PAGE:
On the eve of the conference, the EU and Kabul published a controversial deal to speed up the return of an unlimited number of failed Afghan asylum seekers in Europe, which faces its biggest refugee crisis since World War II. 

“EU says this deal should not be seen as a condition to the financial support coming out of this meeting,” our correspondent said.

“But one cannot help but feel that not just is Afghanistan being thrown a lifeline here, the EU is of course facing one of the worst refugee crises since the Second World War, and this is going to aid them as well.”

Peace with the Taliban

Mogherini said a dinner of key regional players including China, India and Pakistan on Tuesday night had “found common ground” for the Afghan peace process. 

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“The European Union will try to facilitate this as much as possible in the coming months,” she said.

US Secretary of State John Kerry at Wednesday’s summit urged the Taliban to follow the example of Gulbuddin Hekmatyar and make an “honourable” peace with the Kabul government to end years of violence.

Hekmatyar, the so-called “Butcher of Kabul” who heads the Hezb-i-Islami group and was a key figure in Afghanistan’s civil war in the 1990s, signed a peace deal with Ghani in September.

“This is a model for what might be possible,” Kerry added, urging Russia and Afghanistan’s neighbours to play a role.

Ghani told the conference that Afghanistan was making progress on the economy, corruption and human rights, but needed constructive international support to see the changes through. 

“Afghans can make peace, we will make peace, we are committed to constructive politics, not destructive politics,” he said. 

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The Taliban continue to wage a bitter insurgency almost exactly a decade and a half after the US-led invasion that toppled the group in the wake of the 9/11 attacks, launching a major offensive on the city of Kunduz earlier this week.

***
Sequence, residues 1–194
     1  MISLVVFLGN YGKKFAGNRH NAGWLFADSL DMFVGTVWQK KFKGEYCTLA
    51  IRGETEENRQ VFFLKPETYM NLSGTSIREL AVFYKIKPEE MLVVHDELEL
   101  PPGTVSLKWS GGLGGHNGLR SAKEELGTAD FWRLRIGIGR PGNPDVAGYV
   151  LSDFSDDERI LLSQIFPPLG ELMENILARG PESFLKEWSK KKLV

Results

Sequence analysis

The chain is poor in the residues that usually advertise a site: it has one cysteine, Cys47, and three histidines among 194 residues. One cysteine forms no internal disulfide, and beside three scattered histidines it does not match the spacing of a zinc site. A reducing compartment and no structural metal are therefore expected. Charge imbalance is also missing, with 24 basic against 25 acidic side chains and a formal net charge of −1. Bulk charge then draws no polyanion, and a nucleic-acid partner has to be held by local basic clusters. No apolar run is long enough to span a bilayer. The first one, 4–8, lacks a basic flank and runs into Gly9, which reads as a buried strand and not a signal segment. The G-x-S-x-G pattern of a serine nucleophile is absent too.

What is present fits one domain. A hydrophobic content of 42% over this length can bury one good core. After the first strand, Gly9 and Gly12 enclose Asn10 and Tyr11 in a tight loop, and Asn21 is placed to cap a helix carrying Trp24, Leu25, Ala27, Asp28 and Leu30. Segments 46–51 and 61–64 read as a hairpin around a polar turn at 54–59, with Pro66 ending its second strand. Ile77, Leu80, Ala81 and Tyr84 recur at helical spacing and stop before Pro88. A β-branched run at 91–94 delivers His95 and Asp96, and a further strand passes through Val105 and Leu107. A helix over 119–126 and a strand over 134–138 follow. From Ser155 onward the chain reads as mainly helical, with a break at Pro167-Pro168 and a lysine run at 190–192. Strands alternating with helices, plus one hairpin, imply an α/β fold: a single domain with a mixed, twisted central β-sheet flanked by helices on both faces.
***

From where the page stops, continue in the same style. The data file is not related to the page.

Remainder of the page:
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With American helicopters providing air support, Afghan forces battled the Taliban in the northern city of Kunduz for the third straight day on Wednesday, following the multipronged attack launched by insurgents earlier this week.

Afghan General Qasim Jungalbagh, the provincial police chief, said Taliban gunmen launched fresh attacks in Kunduz from the south and east early on Wednesday.

He said “clearance operations” had begun inside the city but that heavy clashes continued on the outskirts, “to the south and east of the city”.

Also on Wednesday, the Taliban began forcing people from their homes in an effort to start an exodus from Kunduz, similar to what happened a year ago when half the population of around 300,000 fled the city.

“People are leaving everything behind and fleeing to the nearest place they feel safe,” said Mohammad Yousuf Ayubi, the head of the provincial council.

Since pushing into Kunduz on Monday and briefly hoisting their flag at a main intersection, the Taliban were pushed back, but their fighters remain hunkered down in residential homes, slowing the Afghan counter-offensive.

Jungalbagh said 42 insurgents have been killed and more than 25 others wounded in the battles. Earlier, the Defense Ministry said five Afghan security personnel were killed and 13 others wounded. 

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Source: Al Jazeera, News Agencies